In April 1848, Austria acquired the status of constitutional monarchy, but the declared democratic liberties and national equality of people often remained on paper. Constitutional-parliamentary management was restored only in the 1860s with the adoption of the December 1867 constitution guaranteed (at least formally) the equality of nationalities and languages. Separate regions of the empire (e.g., Halychyna) received the right of limited authority. The measures taken by the Austrian government favored the intensification of economic life in West Ukrainian lands, and their incorporation into the world system of trade relations. The agrarian reform of 1848 opened the path for complete reorganization of the agricultural branch in the land. As a result of splitting up the peasants' farms, by the end of the 19th century, a market of hired manpower that favored the increase of profit in agricultural production was created. Further development of the enterprise industry was observed in the West Ukrainian lands.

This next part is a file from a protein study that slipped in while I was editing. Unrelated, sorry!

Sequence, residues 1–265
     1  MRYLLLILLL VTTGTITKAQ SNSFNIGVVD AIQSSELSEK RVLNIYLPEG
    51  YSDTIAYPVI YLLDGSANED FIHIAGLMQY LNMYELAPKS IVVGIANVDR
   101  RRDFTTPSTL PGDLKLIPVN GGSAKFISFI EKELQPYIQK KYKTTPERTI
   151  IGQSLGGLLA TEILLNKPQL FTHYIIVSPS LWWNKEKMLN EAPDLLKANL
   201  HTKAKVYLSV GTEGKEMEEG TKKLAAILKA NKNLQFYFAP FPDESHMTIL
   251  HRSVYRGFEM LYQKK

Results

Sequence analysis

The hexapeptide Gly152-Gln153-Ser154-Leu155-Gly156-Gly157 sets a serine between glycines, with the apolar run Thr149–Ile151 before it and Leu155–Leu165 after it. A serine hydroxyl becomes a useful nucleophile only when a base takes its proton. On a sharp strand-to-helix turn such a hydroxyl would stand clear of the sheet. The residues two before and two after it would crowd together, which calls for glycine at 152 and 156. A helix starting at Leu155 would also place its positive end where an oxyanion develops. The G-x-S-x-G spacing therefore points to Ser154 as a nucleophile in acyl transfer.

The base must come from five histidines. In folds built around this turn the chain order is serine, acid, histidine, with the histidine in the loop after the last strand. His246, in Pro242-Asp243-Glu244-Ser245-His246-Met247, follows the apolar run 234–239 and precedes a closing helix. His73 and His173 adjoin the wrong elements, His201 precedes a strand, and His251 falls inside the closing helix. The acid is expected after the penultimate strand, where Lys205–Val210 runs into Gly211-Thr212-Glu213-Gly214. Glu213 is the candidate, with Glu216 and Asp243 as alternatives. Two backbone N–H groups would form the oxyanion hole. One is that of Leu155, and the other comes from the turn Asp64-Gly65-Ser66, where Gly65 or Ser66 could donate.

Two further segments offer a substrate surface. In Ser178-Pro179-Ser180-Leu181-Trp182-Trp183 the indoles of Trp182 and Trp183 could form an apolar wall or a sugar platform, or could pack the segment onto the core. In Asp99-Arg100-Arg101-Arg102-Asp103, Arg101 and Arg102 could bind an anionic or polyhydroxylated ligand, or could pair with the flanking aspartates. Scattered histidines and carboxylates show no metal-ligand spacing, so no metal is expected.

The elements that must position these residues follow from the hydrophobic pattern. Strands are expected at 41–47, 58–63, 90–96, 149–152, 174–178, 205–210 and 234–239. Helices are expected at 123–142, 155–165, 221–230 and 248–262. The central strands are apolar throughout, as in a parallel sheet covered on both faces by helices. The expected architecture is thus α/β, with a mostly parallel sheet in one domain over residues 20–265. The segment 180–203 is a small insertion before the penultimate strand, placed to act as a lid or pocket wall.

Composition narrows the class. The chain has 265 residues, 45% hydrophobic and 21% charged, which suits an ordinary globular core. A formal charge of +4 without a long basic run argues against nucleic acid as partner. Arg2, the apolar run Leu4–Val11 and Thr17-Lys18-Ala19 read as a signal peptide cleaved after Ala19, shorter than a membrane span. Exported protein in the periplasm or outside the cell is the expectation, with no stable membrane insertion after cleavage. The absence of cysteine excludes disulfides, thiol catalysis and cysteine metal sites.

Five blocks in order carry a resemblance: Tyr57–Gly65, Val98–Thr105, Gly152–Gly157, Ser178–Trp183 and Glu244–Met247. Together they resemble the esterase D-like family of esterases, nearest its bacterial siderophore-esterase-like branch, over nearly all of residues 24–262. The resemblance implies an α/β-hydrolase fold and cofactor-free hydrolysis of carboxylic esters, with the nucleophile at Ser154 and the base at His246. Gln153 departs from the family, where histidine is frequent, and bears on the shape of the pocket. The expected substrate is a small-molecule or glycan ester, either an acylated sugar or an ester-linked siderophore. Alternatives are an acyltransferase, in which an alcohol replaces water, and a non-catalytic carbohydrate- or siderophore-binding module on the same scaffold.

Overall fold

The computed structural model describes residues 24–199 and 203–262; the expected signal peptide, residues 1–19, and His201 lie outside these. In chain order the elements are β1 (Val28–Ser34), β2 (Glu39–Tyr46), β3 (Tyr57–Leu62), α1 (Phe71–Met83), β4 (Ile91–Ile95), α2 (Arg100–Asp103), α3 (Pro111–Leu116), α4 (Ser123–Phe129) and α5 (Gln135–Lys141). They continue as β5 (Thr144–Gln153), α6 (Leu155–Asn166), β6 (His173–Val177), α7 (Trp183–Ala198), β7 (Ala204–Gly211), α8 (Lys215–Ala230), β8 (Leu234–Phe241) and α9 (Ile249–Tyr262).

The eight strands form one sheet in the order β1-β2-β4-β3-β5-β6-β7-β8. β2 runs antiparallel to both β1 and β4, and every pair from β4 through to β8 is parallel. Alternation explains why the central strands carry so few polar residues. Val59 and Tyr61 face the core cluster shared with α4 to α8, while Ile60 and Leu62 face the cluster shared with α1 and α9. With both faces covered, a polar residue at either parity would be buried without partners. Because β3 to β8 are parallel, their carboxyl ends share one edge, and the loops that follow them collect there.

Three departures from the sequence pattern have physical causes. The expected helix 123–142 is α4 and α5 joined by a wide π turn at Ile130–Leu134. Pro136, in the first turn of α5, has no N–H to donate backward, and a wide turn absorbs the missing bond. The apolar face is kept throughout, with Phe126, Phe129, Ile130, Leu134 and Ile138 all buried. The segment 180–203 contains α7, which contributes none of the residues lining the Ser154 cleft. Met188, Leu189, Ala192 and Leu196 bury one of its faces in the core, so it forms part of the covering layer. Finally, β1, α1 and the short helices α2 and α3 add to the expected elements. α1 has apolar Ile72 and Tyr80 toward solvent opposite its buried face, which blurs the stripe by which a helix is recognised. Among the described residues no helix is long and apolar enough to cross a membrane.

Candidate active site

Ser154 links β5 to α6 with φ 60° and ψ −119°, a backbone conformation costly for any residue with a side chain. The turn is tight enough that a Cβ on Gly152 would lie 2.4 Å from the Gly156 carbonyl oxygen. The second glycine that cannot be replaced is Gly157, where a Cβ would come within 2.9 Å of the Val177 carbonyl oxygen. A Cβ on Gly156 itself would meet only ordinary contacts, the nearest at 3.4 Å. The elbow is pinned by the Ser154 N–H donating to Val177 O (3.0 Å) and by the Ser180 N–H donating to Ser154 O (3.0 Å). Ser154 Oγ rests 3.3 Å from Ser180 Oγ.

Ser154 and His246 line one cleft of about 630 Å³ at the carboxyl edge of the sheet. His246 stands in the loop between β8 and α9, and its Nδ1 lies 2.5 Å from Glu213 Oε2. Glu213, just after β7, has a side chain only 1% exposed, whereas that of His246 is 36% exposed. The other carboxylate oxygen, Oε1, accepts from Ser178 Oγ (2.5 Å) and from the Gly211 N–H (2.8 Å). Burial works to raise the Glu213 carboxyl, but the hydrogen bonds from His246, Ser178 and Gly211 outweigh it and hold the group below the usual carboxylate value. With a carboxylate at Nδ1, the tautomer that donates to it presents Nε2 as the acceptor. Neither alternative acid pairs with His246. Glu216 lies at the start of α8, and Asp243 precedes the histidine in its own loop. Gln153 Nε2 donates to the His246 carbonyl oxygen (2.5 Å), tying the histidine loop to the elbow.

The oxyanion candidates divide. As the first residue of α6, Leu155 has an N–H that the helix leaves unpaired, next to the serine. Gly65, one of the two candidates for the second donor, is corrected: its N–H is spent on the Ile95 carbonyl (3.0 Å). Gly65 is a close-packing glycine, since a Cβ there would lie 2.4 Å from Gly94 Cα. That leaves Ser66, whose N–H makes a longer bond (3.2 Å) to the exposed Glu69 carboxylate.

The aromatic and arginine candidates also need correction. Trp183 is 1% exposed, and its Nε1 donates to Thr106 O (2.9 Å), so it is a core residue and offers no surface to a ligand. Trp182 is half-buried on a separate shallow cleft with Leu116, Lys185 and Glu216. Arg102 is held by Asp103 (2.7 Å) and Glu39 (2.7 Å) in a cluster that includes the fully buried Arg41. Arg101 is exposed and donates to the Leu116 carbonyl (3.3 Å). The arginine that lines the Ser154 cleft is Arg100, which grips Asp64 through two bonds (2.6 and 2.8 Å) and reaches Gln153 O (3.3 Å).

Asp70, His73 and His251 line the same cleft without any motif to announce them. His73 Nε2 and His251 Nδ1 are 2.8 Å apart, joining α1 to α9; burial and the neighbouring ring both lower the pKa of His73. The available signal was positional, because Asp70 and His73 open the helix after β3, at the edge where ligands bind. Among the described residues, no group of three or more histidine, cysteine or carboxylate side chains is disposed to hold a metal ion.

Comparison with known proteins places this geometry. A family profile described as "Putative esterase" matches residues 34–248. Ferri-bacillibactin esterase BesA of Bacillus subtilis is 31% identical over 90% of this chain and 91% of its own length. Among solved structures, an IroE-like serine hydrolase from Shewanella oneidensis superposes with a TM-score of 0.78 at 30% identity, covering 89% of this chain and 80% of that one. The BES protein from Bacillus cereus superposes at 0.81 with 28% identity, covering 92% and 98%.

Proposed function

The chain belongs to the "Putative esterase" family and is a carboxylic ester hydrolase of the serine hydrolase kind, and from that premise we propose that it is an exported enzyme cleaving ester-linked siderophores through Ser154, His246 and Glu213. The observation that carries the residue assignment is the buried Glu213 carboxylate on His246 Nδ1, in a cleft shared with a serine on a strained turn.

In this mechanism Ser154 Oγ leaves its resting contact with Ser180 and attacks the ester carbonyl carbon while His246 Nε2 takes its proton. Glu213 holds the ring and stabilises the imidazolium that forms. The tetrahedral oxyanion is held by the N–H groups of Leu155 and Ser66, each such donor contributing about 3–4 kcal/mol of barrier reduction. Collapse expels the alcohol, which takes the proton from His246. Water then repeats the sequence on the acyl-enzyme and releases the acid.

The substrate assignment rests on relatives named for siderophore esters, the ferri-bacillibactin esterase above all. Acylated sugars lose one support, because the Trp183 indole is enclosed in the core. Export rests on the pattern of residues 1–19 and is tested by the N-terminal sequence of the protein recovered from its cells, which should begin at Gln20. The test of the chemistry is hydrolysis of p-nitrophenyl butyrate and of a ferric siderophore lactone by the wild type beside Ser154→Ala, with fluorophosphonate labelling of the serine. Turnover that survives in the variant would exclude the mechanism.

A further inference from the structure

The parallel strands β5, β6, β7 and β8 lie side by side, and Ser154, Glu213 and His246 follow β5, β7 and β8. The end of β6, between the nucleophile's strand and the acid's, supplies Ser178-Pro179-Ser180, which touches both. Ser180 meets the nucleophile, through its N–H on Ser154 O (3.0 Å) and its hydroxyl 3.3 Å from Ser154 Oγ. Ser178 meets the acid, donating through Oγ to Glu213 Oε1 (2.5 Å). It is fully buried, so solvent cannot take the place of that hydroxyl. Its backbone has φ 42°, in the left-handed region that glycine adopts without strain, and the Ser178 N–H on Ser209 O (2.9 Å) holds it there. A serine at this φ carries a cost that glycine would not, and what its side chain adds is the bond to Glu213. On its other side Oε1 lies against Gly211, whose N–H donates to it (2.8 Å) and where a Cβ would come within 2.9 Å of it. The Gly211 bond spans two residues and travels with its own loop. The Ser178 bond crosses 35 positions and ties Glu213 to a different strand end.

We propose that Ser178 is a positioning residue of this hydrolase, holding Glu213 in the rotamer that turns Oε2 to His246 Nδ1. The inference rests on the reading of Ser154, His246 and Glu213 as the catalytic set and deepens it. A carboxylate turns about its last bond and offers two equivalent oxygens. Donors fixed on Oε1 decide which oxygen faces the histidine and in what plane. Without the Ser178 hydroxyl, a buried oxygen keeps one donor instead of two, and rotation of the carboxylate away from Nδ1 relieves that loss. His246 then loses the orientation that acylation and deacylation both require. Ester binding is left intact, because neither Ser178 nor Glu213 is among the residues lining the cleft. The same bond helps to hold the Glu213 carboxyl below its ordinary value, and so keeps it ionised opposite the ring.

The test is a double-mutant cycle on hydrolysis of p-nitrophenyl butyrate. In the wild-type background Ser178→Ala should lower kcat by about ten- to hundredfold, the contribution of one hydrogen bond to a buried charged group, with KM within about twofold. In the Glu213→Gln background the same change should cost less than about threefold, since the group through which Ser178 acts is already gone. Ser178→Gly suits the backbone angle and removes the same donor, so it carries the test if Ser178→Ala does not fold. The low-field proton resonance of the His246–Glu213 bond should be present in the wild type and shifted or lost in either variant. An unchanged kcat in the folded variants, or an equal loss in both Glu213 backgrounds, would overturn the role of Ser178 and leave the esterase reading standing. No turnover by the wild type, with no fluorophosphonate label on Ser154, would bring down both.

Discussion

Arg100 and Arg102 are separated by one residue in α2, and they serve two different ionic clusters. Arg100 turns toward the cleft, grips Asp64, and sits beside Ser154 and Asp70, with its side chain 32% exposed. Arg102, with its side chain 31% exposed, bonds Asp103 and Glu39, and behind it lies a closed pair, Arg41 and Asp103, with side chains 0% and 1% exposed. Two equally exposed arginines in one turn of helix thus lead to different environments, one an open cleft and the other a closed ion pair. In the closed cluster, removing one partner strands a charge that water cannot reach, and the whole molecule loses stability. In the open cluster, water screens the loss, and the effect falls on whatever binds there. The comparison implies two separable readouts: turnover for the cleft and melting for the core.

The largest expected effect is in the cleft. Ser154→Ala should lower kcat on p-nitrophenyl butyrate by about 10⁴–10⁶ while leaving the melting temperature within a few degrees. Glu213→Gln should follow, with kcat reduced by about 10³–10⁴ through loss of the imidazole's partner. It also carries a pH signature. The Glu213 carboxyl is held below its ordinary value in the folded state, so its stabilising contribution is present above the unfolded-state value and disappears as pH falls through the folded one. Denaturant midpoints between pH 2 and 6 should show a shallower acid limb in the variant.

In the 19th century, there were certain changes in the socio-political life of the region. The activation of the enlighteners' ideas and the furthering of the ideology of romanticism, which was caused by the rise of the liberation movement on the European continent and this favored the intense processes of national renaissance. The first cultural-educational circles appeared in Peremyshl and Lviv. Interests in the history of the land, language and folklore considerably increased at this time. However, the decisive part in the development of the national movement at that time belonged to the socio-cultural association "Ruska triitsia". The motives of the liberation of the region were seen on the pages of publicists' articles, almanacs, and school textbooks.